Back in those early days when it was just beginning--there was thrill and sustenance at being part of a thriving, supportive movement where anything might happen, and everything did! Dynamic, productive 'resource streams' appeared, spanning an array of curriculm options from traditional, alternative, and unschooled (a term for no structure or curriculum at all). 

Our own house had a revolving open door where kids, parents, and teachers came and went at all hours. It was a time of vital immersion in a world of libraries, field trips, and daily life. Eventually, a rapidly growing 'homeschool resource center' was formed, complete with classroom space, an outdoor amphitheater and endless grounds of field and forest, drawing families by the dozens, multiplying rapidly over the years that would follow.

As I look back upon this idyllic era of groundbreaking community energy, it's clear that Santa Cruz was an explosive mecca--one among many--where families sought a new approach. Homeschooling blossomed like plants: a few families here and there, at first, until huge grass-roots 'gardens' (learning collectives) developed. We entered into a 'brief window' of freedom, potential, and natural unfoldment whose expression, continued to morph and grow.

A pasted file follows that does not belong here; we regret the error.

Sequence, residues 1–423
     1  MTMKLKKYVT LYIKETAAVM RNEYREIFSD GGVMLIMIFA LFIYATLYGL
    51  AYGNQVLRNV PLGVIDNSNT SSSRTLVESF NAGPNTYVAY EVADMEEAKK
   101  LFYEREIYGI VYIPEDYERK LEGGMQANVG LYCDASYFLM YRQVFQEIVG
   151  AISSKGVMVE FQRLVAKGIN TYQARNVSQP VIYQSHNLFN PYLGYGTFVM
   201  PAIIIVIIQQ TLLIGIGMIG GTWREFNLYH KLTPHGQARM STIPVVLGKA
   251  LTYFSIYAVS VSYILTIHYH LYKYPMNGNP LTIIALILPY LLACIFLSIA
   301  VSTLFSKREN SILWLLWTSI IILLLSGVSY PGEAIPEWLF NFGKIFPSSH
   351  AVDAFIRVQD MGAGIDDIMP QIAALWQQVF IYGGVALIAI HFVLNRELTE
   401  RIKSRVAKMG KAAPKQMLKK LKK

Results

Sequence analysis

Now 'homeschool' programs exist in public schools everywhere. "School Re-formed" is a professional blog, which probes the roles of schooling, teaching, and education in refreshing ways. Nanda posted a guest entry there, Leadership Begins at Home, where she shares what she discovered through her adventure of documenting the span of this Grand Experiment.

Looking back, now, at the vast degree of networking and connection, I recall the sense of spacious potential, which characterized our moments. Time, itself, has come to feel more compact and move much faster--as if less options exist. We were extremely engaged in unceasing activity, and yet there was a lightness then; where there's often an impression of density now.

Is there an actual shift in the ongoing structure of the Universe itself? Was it youth, and the malleable environment? Was there more permission for passion to fuel a 'creative force' within such productive, dynamic experimentation? Did being part of that Stream of Aliveness confer an ease of flow and participation? Or did it merely feel like it was spacious because The Dance itself was effortless, born of purpose and impulse? Infused with some essential interior design? Do such 'junctures of opportunity' simply come and go on their own timetable? Or is there an essence to such a dance, that exists in potential everywhere, at all times?